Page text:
It’s Not All Mary Poppins

Rules and Risk-taking

sandals“OW! Mary, my foot is hurting me!”

Some kids are just so damned cute when they cry! Emily’s already large brown eyes become enormous, glimmering with tears, the little pink lip protrudes endearingly, and perfect round tears roll in glittering lines down the perfect roundness of her peachy-cream cheeks. No red blotches, no scroodged-up face, no snot, no red-rimmed eyes. Just 100% adorable pathos. And she’s earned a bit of pathos. I’d wondered this morning if her sandals weren’t just a smidge too small… That’s one big blister she’s got on her heel.

I put a bandaid on it.

“Do you want to put your sandals back on, sweetie, or would you prefer to walk home barefoot?”

“Barefoot, please.”

Simon is appalled.

Simon (a previous daycare client, now six) is with us this week, filling the week gap between the end of school and the beginning of his summer camp. Simon, sweet, earnest Simon, comes from a risk-phobic family, where Rules of Safety are many and strictly enforced. (Too bad rules about Eating Your Vegetables and Getting Sufficient Sleep are not equally rigorously enforced. In fact, it would be a far better use of parental energy, says I, if they tossed about 70% of the Safety Rules and applied that diligence to the nutrition and sleep fronts. Snark, snark, snark.)

Simon, as I said, is appalled.

“She can’t go BAREFOOT!!!” We are threatening to trangress a Rule of Safety!!! “When we’re outside, we wear shoes.” In fact, Simon’s mother provides shoes for use in the house. Toddlers do not wear shoes in Mary’s house. Thunder-footed six-year-olds most definitely do not wear shoes. They wear slippers, or they wear bare feet. Shoes are LOUD, and we all know how Mary feels about LOUD. Simon has been barefoot this week, but only in the house.

“Why, Simon? What might happen if she goes barefoot?” My tone is mild. I’m curious as to his thoughts on the matter, and I’m pushing an agenda here. Let’s evaluate the risk, shall we?

“A car might run over her toes!”

He looks mildly offended at my shout of laughter. I try not to snort as I explain.

“Simon, honey. If a car were to run over her toes, I don’t think those little sandals would be any help at all.”

“But she can’t go BAREFOOT!!!”

“Why not? Let’s think about this. What might happen if she goes barefoot?”

“She might step on a rock!”

“Yes, she might. She might stub her toe, too.”

“Or a spider might bite her!”

“I think that’s less likely, but okay, maybe. Now. What will happen if she wears her sandals?”

“A spider won’t bite her!!!” He thinks he’s got me there.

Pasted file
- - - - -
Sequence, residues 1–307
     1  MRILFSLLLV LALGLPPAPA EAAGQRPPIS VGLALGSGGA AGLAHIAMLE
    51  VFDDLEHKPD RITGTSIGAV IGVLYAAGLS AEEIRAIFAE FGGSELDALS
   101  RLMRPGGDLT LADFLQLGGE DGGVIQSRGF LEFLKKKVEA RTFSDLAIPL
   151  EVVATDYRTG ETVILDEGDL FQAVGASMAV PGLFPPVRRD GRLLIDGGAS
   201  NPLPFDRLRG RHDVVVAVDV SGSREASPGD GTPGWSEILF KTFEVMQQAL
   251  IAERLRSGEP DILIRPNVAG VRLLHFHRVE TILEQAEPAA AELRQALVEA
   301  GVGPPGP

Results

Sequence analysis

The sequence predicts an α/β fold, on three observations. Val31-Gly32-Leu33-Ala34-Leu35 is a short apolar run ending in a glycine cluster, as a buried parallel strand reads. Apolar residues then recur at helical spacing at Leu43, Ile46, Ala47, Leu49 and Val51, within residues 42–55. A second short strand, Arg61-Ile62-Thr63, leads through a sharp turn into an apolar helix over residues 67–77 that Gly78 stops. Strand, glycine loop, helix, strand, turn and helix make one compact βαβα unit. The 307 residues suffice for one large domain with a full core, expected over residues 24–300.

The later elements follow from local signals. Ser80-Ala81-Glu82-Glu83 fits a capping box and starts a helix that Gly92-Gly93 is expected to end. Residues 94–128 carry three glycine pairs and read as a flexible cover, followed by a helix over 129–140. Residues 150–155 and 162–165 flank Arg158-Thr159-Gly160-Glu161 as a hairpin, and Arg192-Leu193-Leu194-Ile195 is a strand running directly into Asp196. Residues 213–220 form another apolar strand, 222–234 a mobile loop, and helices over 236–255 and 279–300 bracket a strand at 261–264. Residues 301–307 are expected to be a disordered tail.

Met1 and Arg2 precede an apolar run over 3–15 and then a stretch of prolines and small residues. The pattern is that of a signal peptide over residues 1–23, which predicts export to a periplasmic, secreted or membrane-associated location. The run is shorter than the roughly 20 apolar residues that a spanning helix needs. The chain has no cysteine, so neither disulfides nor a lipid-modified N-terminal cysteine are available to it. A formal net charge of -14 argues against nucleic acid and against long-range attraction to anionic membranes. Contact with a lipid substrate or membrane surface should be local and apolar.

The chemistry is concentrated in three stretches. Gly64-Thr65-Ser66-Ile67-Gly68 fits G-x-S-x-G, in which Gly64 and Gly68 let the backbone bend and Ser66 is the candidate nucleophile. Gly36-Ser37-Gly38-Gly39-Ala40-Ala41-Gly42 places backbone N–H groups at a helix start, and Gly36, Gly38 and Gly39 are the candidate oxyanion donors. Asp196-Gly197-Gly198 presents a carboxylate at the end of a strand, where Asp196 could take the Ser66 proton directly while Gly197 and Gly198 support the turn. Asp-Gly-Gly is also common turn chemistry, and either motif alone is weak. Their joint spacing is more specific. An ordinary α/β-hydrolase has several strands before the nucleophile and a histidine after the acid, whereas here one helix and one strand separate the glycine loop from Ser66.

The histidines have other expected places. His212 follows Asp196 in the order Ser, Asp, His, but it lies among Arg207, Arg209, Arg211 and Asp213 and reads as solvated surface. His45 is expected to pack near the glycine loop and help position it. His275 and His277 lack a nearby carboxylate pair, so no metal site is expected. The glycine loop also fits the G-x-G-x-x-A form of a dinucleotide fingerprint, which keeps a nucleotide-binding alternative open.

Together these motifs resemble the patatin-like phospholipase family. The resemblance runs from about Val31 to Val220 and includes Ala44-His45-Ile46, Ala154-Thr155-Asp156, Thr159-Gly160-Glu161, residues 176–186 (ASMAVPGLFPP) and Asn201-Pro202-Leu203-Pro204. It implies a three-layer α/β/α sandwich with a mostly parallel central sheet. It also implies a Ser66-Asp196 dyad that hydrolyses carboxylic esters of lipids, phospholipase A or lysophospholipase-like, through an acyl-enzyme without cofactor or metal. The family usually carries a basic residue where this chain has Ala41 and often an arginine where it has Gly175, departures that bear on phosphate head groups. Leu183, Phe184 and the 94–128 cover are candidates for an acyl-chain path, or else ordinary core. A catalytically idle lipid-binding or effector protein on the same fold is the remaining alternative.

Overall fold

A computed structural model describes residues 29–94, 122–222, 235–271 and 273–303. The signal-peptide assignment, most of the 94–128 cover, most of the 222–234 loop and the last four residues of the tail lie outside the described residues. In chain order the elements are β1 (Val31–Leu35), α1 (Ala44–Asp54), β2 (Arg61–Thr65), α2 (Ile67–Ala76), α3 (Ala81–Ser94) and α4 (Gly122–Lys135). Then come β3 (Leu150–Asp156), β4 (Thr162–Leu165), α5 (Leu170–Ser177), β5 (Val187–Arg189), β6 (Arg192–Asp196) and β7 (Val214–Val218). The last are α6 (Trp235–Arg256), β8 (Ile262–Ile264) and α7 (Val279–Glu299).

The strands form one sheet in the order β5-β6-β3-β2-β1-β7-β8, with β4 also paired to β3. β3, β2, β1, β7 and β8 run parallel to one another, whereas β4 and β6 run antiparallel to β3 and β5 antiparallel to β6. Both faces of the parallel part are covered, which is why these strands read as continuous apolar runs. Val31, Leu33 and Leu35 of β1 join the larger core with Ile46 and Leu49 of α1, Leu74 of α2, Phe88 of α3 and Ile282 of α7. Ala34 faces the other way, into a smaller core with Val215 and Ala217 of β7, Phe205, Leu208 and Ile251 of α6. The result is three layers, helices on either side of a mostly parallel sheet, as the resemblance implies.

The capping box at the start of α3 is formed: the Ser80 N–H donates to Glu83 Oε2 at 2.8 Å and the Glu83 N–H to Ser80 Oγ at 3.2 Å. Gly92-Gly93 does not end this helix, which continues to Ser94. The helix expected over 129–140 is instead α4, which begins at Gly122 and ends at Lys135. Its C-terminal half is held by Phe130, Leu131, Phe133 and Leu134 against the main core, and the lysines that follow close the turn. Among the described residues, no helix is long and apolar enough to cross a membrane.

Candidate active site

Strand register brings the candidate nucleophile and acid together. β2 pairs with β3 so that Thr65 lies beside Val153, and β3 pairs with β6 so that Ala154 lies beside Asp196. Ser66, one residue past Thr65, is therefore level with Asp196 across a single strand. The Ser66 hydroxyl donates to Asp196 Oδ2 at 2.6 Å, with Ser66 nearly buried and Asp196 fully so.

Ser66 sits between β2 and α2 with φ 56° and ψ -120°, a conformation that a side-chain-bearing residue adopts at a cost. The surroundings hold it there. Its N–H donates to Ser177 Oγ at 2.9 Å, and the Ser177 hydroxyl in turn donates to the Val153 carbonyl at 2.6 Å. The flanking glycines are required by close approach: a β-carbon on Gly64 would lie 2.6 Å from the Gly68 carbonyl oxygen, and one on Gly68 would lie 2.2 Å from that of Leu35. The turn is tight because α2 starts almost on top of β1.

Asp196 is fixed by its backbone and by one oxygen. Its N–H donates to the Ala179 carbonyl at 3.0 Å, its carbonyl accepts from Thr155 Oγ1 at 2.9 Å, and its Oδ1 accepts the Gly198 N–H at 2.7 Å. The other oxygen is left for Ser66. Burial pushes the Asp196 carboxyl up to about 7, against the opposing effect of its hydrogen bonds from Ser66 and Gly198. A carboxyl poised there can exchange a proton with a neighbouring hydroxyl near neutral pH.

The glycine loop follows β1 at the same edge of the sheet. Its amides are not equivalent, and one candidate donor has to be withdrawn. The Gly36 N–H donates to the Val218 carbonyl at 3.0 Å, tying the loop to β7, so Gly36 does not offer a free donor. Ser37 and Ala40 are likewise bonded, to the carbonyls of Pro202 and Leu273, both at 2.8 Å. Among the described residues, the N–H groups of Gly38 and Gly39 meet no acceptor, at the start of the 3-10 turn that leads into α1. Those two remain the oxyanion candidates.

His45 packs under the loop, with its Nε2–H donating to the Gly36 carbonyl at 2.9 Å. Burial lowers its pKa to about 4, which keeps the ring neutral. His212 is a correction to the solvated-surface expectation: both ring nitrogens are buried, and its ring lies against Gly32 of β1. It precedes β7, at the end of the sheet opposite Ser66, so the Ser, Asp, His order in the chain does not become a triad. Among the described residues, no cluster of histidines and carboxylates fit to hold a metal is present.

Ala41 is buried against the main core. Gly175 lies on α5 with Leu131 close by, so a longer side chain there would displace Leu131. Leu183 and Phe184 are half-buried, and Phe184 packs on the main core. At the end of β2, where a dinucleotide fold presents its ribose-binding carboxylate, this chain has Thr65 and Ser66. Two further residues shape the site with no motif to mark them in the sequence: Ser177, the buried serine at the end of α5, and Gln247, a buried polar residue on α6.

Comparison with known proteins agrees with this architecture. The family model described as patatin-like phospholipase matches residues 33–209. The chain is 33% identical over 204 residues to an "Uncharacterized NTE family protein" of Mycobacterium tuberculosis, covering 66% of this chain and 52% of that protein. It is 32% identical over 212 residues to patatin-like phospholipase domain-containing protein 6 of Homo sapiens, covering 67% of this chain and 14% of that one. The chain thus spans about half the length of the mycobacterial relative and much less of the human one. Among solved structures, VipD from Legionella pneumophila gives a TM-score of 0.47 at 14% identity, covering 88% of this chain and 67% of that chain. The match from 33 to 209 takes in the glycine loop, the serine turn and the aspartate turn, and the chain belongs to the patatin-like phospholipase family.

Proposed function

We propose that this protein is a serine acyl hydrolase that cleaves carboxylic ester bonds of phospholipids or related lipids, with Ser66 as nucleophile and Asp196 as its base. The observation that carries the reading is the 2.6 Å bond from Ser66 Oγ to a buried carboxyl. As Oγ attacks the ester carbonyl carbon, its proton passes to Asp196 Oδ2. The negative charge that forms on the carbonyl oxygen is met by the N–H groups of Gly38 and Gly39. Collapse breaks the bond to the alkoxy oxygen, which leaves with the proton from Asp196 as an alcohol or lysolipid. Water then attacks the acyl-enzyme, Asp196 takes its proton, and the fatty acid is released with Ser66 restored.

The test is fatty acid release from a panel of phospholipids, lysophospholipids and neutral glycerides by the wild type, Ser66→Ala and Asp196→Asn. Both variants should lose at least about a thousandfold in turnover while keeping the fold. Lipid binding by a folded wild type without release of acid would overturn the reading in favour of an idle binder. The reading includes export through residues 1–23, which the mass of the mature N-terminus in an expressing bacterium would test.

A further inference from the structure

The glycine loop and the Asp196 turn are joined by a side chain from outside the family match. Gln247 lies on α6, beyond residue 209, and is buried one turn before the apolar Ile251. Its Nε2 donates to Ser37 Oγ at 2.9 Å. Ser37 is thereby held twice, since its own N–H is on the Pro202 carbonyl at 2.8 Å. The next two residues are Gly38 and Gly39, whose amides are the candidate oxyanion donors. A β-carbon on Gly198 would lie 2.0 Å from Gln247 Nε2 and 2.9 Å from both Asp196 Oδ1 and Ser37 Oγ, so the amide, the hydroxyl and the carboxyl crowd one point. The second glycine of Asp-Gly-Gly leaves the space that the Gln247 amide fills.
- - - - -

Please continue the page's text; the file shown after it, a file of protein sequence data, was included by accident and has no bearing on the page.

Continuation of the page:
“A spider could still bite her on the leg. But Simon, think about Emily’s blister. What will happen if she wears her sandals?”

“Her blister will hurt her?”

“YES! My blister will hurt and get bigger and hurt me MORE!” Emily, who is getting nervous about the direction this conversation is taking, wants him to be Perfectly Clear on this point.

“So what do you think, Simon? If she goes barefoot, she MIGHT step on a rock, or stub her toe, or even, maybe, get bitten by a spider. But if she wears her sandals, she WILL get a big, sore blister, even worse than she has already.”

Emily whimpers. I whisper words of reassurance in her ear.

“Now, Simon. If you had to choose between MAYBE stepping on a rock, and FOR SURE getting a giant blister, which would you choose?”

Simon’s answer is slow and reluctant. “I wouldn’t want a bliiiiiister.”

“No, I bet you wouldn’t. Neither does Emily. That’s why she’s not going to wear her sandals any more.”

Emily sighs with relief.

“But Emily? You gots to be VERY CAREFUL where you put your feet! You can’t step on any rocks or sticks or spiders!”

Emily, a sensible girl, gives him The Look. “Simon, I am not a big silly. I am not going to step on rocks in my bare feet.”

And she didn’t.

Has Simon learned anything about evaluating risks, or has he learned only that Mary is a wild and reckless woman? I’m not sure, but we’ll be optimistic, we shall, and call it One Strike for Freedom for Simon.

June 29, 2009 Posted by | Emily, health and safety | , , , , , , | 9 Comments

Who says it’s wrong

…to say “I told you so”?

“That doesn’t look like a safe game to me. Someone is going to get hurt.”
Wait for it…
“Mary! Timmy hurted me!”

“If you keep jumping over Timmy, someone is going to miss, and he will get squashed.”
Wait for it…
“Mary! Emily SQUASHED me!”

“Can you guys not come up with a game that doesn’t involve mooshing heads?”
Wait for it…
“Mary! He bonked me onna head!”

“If you throw those up in the air, sooner or later one will land on your head.”
Wait for it…
“Mary! I gots a bo-bo on my head!”

My policy is to warn toddlers of the possible consequences, and then, if they persist anyway, let them experience those consequences. (Within reason, of course. They are not allowed to ‘experience’ hot burners or playing in traffic.)